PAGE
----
Changing the Profession From Within
By Karen Martin, Denali Borough School District teacher, Finalist for 2018 Alaska Teacher of the Year
Few teachers have the opportunity to reflect on their education system from a distanced perspective. In 2014, I lived in Finland for seven months as a Fulbright Distinguished Awards in Teaching grantee. My purpose there was to engage in inquiry and research to understand Finland’s teacher education and its impact on teachers in the field. There are several deeply challenging moments that live in my memory from that experience—moments of clarity that caused me to better understand my reality as a teacher in the United States. One of those powerful moments was understanding the nature of what it means to be a professional, and this continues to be a driving force in my work and life.
As teachers, sometimes our debates seem to ask for permission to be professionals. Instead, we should be asking hard questions of ourselves about what it means to be a professional and then getting to work on intentionally and collaboratively making changes to raise our level of professionalism ourselves. It is essential that we raise the profession of teaching from within for both teachers and our students. This means changing our conversations to engage in deeper discussions about the evidence of our impact and critical dialogue that challenges each other. It means providing authentic feedback about the actual work in our classrooms and deprivatizing our practice. It requires the enactment of agency, critical consciousness, deep reflection, self-direction and teacher leadership. Ultimately, it means creating and living an intellectual culture of learning that we want for our students.
In this column, my colleagues, students and I will share the work of two different professional learning experiences that are examples of how to raise the profession of teaching and impact student learning. You’ll hear the voices of my teaching colleagues in Denali Borough School District (DBSD) who have engaged in action research and video-study as part of professional learning designed on the principles of Finland’s teacher education. You’ll also hear the voices of DBSD students who were asked to serve on a virtual panel to help rural teachers in Oregon, Idaho, Washington and Alaska see student engagement through the eyes of students as part of the Northwest Rural Innovation and Student Engagement (NWRISE) Network. To learn more about this network of collaboration go to http://nwcc.educationnorthwest.org/nw-rise. These voices combined illustrate a culture of learning that engages both students and teachers in deeper reflection about their learning.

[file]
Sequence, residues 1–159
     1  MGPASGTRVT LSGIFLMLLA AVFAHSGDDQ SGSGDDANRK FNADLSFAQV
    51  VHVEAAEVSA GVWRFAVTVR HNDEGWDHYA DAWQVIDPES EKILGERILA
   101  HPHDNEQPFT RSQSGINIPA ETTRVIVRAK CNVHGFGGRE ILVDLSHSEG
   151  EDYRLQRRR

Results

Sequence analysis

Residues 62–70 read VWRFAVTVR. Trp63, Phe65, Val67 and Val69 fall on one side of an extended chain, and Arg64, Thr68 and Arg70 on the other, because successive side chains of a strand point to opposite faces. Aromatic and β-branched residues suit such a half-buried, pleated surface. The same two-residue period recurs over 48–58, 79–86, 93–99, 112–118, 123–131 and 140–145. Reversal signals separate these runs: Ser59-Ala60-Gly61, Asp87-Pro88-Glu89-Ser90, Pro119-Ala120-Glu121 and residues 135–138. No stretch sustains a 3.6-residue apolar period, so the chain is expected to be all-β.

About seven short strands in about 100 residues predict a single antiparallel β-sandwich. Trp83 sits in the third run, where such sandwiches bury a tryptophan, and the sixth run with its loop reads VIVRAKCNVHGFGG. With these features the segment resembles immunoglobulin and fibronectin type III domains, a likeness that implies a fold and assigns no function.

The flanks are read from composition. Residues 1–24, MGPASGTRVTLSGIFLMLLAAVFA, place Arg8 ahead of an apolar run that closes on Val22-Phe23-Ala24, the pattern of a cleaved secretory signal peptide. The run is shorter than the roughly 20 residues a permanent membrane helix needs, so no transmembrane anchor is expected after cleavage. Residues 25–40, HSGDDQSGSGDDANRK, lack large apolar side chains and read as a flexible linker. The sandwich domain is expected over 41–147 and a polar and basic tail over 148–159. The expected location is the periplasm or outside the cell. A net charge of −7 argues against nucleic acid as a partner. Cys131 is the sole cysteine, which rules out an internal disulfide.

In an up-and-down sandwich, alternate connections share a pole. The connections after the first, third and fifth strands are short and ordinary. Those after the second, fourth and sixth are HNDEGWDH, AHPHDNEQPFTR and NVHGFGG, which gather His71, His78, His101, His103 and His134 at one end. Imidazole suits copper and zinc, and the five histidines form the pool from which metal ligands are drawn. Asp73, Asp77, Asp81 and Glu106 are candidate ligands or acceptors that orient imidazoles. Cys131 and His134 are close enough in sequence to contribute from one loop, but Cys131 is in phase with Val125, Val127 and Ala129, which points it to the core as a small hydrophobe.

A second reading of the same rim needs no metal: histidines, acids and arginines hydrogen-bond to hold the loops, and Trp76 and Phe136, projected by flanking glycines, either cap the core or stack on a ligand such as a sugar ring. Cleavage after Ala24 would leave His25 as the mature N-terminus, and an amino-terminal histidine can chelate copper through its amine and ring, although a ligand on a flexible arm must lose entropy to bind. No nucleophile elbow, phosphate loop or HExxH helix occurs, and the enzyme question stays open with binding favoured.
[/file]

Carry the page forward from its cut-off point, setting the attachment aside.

Changing Teacher Thinking and Critical Reflection
For the past three years, teachers in Denali Borough School District have had the opportunity to choose to learn about and utilize action research and video-study in their professional learning communities. The following paragraphs include the voices of some teachers who engaged in this work.
“After taking an action research class with my peers, I became curious about investigating learned helplessness and the lack of perseverance in my students, especially in math. This really bothered me as a teacher. In order to learn more, I decided to video record myself teaching. My hope was to watch my students work, and then try to understand how they were (or weren’t) learning in my classroom. Afterwards, I reflected on the recordings with a colleague. This was when I noticed I was part of the problem! I watched myself ‘swoop-in’ and save the students when they were struggling. I was reacting too soon to any miscalculations in math. Because isn’t that the teacher’s job? I realized by helping the students, I was really teaching them to rely on me.
During my study, I decided to also video record the students solving challenging problems. I did not allow myself to talk or intervene with their collaborations. This was hard! I had to be patient. In the end, I actually found myself watching and learning from them. Video became a powerful tool to closely observe what the students did and did not know. I could also watch to see if they could explain how they found their answers. From these quick 1-minute videos, I was able to plan activities and more challenging work based on my observations of the students’ abilities to interact with each other and learn together.”